I’ve sat down to write this post no less than ten times. I kept getting distracted and decided it wasn’t time to write it. Now – a day later, I will try and recount Day 7 to the best of my ability.
It was one of those days where so much happened that those 24 hours felt like a week. I got to work first thing on finishing the storage room shelves. These shelves will be used to store the food that we, along with hundreds of other people packed months ago for the 30 Abes event in Nashville. Unfortunately, the food has been stuck in customs for several months and the Orphanage has been running into problem after problem trying to retrieve it. I heard yesterday that it has costed $15k more than anticipated to get the food to Haiti and out of customs. Who knows what that number will reach by the time it actually exits the port. Evidently, there is a Port Czar that dictates what can make it through on any given day. From what I am told there is no set of guidelines that is followed as to what gets through and when… It is just whatever the Czar feels like that day. I am only relaying what I have heard since I have had no direct dealings with any of this. I know that Pierre has gone down to the office and waited entire days, on multiple days for the Czar and he never shows up to work. Some say that if a woman brings him cookies and asks nicely that he is more willing to let the items out of customs. The culture here is very different here and involved Americans have to accept that and work through the issues with a positive mind. Easier said than done.
Clover needed some Daddy time so I enlisted here to assist me with completing the shelves. A few of the orphans came along to help as well. I have one boy that is my main helper. He is truly a very gifted young man. I will ask Rhiana to join me on a post to discuss him further. She experienced the same exceptional talents in the classroom as I did in labor setting. Once the shelves were complete, I went down to check on the larger group that was in town for Spring Break.
The group had been asked to paint the main hallway near the entrance of the Orphanage. They did a great job and it was great to see kids and their parents bonding on such an activity. It is not something I ever experienced in my childhood. I needed the ladder that they were using for my next project so I decided to go check in on some of the babies. After getting in some good play time with them, it was time to get back to work. I cleaned up the group’s painting mess as they had abandoned it in the hallway. Luckily, I caught it before the children because if I had not then we would have 69 children covered in yellow paint. Word travels fast among the kids there and they love getting into things. You see — when I cleaned up there mess, I didn’t lock it away which lead to me finding 5 older boys a couple hours later covered in yellow paint. Bad Gary….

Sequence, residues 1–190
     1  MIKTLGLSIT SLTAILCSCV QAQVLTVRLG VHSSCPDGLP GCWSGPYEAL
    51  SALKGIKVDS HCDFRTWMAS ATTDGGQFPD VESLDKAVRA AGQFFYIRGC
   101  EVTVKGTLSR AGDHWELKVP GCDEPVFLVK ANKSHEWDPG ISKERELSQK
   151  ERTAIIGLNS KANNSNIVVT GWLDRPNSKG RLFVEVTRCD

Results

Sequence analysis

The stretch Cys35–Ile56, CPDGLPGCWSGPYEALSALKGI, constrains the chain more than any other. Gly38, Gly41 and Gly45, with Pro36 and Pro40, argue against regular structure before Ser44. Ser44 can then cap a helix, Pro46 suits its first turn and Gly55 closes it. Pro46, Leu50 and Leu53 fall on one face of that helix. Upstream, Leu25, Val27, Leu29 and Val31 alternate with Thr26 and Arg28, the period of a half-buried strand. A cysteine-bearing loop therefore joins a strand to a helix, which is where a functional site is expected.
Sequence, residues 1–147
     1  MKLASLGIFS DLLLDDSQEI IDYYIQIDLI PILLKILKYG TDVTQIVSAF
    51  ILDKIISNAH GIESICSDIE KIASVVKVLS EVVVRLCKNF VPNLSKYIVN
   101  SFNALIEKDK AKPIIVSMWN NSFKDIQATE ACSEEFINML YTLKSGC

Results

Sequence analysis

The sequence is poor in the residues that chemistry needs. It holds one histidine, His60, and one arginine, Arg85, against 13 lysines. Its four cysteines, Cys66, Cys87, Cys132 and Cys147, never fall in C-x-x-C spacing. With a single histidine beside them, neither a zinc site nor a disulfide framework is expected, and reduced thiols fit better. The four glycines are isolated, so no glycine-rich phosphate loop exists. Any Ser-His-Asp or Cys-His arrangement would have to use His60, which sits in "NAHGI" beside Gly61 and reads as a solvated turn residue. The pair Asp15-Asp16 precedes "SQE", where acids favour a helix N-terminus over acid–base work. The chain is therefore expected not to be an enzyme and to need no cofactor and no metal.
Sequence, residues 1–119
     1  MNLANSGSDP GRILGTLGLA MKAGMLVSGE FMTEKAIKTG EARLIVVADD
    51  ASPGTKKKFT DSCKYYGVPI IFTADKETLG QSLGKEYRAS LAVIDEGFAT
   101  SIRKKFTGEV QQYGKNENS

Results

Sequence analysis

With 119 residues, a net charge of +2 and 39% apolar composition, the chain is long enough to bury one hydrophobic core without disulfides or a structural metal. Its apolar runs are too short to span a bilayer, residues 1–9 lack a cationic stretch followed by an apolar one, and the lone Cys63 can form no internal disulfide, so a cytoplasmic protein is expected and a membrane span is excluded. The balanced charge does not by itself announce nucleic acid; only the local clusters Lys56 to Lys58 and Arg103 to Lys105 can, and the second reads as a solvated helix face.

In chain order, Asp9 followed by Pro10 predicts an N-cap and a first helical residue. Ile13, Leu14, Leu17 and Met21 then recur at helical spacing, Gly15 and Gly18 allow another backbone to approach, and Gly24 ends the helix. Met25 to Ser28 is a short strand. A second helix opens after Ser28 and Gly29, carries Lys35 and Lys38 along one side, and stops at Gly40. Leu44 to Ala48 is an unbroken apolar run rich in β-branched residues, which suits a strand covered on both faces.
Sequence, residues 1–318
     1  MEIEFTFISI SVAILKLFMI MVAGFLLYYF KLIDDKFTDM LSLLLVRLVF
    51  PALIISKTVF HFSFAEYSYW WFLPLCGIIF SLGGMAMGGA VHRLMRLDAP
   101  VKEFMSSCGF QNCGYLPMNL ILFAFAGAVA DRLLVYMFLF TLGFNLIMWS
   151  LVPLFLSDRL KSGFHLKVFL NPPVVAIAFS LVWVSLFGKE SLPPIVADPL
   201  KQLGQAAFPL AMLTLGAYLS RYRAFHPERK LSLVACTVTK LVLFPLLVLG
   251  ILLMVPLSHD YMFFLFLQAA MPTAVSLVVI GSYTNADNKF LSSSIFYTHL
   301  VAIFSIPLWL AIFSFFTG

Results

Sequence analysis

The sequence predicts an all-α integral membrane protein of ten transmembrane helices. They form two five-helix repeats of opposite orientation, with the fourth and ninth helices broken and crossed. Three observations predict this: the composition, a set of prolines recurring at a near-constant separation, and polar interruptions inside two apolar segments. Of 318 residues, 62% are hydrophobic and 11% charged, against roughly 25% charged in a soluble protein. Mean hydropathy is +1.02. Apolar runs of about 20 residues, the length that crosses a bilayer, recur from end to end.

Rhiana came and retrieved me for lunch which was being served on the front porch today. Everyone was out there including my hecklers, the Preacher and the woman that I later learned is the local demon catcher. I got my food after receiving some ridicule from the pair. I turned my back to face my family and ate lunch. Evidently, Mrs. Pierre went over and sat next to them and said something about the behavior or me or maybe both. I did not know that happened at the time, but was later told it after I questioned the following exchange.
I left the lunch area and headed back to work and the Preacher stopped me just inside the door. He said, “You are a musician?” I said, “Yes”. I have to admit that I felt my body bowing up, not knowing what was coming. It’s a defensive thing that happens naturally when I am uncomfortable or feel threatened. The Preacher, followed with some Creole that I couldn’t understand, but he was using his hands to emulate playing the piano. I told him that I played guitar mostly, but could play the piano. I think my southern drawl was too much for the man as he looked confused. He brought over another man who was much older. This man extended his hand to me and introduced himself in English. He then said, “He wants to know if you can get him a new keyboard for his church….” I looked at the Preacher and and pounded my hand on my chest saying “Me?? — With This?!” as I touched my tattoos. He immediately looked down at the floor. Something washed over me and I instantly went calm which is not like me in those situations. I heard “Grace” in my head and said, “I will do my best for your church.” I told them that I have an old keyboard that I was going to sell, but would be willing to give it to his church when I return. The Preacher looked me in the eye and took my hand. He shook it as if we just met and said, “Thank you”.
Wow! Did that really just happen? I am at peace with our past. I hope he is too.
Later, I was invited to join the large group from Texas to tour a boys home just outside of the city. This home is specifically for street kids and is one of the most unique places I have been. The boys have to follow the rules both inside and outside of the home in order to keep their spot. They raise animals for food on the property and each boy has their own business to make money. Some make art to sell, some perform, and the list goes on and on. They are one huge family – 76 members to be exact. They were well mannered and made us all feel welcome in their home. It was a pretty amazing place and I definitely think some similar programs in the States could learn a thing or two from this organization.